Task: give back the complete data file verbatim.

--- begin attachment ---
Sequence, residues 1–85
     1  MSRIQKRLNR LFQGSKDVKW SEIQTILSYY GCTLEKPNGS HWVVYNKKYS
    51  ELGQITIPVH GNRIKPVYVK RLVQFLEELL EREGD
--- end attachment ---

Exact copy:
Sequence, residues 1–85
     1  MSRIQKRLNR LFQGSKDVKW SEIQTILSYY GCTLEKPNGS HWVVYNKKYS
    51  ELGQITIPVH GNRIKPVYVK RLVQFLEELL EREGD